Writing the Midwest: On place


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“Writing the Midwest” is a recurring series featuring writing advice from today’s most prolific authors. Whether it’s dealing with writer’s block, knowing when a piece is finished, or how and where to find inspiration, we’re delighted to present to you the very best guidance to help you and your writing. You can find links to the authors’ full interviews below.

On place:

Tania James: Setting is often central to my stories, in that my characters are often bumping up against their environments, trying to come to terms with the worlds and communities in which they find themselves. And in life, as in fiction, place often informs the people we become—the jobs we take, the friends we make (or don’t).

Marisa Silver: I think character is inextricable from the place in which that character lives. Decisions a person makes about small things such as what to wear on any given day, and big things like what kind of work will he find to support his family, as well as a character’s sensory experience of his or her body in is utterly affected by place. So when I develop characters and stories, I must know how people respond to the place in which they live.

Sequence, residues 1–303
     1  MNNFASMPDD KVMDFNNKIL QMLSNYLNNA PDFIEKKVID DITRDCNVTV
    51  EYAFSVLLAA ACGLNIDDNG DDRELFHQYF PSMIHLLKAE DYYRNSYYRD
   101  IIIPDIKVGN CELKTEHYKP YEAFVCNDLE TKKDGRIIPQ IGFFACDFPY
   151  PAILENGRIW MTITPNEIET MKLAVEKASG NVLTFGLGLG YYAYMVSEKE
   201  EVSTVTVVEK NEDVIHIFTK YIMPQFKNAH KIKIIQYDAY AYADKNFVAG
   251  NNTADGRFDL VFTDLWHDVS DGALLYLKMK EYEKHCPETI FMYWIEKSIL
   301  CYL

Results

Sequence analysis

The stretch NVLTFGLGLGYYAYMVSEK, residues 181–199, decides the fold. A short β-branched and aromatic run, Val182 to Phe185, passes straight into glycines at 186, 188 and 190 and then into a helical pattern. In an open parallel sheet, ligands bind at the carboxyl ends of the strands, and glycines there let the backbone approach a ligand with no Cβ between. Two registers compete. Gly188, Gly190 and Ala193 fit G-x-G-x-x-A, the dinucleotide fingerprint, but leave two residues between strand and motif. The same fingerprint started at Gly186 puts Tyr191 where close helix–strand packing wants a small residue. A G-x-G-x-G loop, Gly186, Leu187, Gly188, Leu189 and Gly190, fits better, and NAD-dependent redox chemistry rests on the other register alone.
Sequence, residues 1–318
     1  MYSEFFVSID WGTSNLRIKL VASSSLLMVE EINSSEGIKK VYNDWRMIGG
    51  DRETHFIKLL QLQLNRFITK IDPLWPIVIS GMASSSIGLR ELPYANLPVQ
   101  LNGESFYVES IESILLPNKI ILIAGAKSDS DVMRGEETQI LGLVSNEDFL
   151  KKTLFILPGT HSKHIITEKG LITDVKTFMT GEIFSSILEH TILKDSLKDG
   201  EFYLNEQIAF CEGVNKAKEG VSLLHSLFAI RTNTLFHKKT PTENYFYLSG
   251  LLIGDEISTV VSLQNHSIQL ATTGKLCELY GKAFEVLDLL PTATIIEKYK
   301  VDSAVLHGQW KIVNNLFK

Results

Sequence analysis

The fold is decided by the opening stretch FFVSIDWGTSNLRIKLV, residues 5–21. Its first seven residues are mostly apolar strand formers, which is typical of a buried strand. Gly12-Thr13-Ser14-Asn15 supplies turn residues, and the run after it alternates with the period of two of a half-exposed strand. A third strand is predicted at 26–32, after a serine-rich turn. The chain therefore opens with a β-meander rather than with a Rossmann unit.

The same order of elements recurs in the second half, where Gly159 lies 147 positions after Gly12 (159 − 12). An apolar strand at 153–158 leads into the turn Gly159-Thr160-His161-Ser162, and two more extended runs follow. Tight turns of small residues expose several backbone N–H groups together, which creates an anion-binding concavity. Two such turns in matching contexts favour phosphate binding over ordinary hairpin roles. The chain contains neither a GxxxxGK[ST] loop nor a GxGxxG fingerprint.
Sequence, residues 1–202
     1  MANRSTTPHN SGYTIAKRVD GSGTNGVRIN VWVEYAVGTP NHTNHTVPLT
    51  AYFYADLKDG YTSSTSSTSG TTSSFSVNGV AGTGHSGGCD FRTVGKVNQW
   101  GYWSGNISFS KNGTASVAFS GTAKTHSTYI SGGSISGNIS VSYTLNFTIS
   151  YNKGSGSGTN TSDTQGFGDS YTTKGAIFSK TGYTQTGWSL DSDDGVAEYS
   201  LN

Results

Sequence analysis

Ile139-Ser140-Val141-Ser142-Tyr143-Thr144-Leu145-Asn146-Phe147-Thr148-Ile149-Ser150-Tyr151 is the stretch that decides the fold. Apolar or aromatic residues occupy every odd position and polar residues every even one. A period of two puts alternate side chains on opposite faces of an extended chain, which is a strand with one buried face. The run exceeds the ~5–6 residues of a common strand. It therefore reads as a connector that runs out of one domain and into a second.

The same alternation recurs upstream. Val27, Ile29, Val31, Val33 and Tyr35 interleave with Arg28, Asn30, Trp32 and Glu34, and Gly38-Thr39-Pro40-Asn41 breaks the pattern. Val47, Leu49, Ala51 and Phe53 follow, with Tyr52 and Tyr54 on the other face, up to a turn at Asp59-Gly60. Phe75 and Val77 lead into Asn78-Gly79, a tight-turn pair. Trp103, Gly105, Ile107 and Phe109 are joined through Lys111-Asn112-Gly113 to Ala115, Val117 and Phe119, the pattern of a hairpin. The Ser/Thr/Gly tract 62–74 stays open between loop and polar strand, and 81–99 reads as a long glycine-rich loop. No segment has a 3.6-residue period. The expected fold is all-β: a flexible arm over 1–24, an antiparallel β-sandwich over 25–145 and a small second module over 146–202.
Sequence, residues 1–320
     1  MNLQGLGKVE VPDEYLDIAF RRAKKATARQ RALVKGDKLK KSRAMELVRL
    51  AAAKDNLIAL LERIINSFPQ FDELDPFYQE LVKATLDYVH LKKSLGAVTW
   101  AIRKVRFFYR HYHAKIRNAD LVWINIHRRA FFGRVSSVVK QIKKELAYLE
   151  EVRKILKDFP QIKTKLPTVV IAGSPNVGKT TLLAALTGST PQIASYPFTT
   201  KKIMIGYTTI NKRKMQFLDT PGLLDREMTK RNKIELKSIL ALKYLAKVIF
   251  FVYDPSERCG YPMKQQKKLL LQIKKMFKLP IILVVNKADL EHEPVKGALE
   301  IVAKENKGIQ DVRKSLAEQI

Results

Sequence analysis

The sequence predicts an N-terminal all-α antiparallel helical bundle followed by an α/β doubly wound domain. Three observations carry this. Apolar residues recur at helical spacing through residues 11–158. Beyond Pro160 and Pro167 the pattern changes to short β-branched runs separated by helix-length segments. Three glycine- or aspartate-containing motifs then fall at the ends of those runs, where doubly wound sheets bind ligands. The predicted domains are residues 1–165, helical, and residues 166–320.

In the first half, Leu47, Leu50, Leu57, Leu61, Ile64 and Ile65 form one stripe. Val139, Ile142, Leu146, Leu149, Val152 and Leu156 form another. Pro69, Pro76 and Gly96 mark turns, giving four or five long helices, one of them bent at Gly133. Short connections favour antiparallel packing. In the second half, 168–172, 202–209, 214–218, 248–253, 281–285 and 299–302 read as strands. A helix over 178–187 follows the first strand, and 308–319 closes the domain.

Laura Donnelly: I know that living most of my life in the Midwest has influenced my writing, but the how and why of that is tricky to pin down. Because the Midwest is never one thing, much too big for that, I worry that I fall upon stereotypes when I talk about it. (And that itself feels paradoxically Midwestern, that hesitation to make large assertions.) I see its influence in my tendency towards quiet. Towards listening. A desire not to assume too much, which I sometimes have to work against. I think it’s there, too, in my interest in what happens behind the quiet of the small town’s façade. Both the beauties and horrors we find there. And then the landscape floods its way through, not so much the flat cornfields of the Midwest, but the lakes and dunes and snow of Michigan.


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